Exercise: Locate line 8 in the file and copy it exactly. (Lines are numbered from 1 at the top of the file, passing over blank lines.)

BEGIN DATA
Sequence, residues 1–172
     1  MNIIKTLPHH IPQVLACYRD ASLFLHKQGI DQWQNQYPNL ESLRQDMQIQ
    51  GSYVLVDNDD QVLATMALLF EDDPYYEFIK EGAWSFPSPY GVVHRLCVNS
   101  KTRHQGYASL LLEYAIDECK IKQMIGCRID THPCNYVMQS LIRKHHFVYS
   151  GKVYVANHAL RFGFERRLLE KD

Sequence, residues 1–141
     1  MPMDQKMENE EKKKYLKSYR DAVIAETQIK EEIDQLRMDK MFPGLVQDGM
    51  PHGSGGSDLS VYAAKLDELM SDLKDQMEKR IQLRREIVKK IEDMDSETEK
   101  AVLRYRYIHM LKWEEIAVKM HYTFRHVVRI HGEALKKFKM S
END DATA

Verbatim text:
    51  PHGSGGSDLS VYAAKLDELM SDLKDQMEKR IQLRREIVKK IEDMDSETEK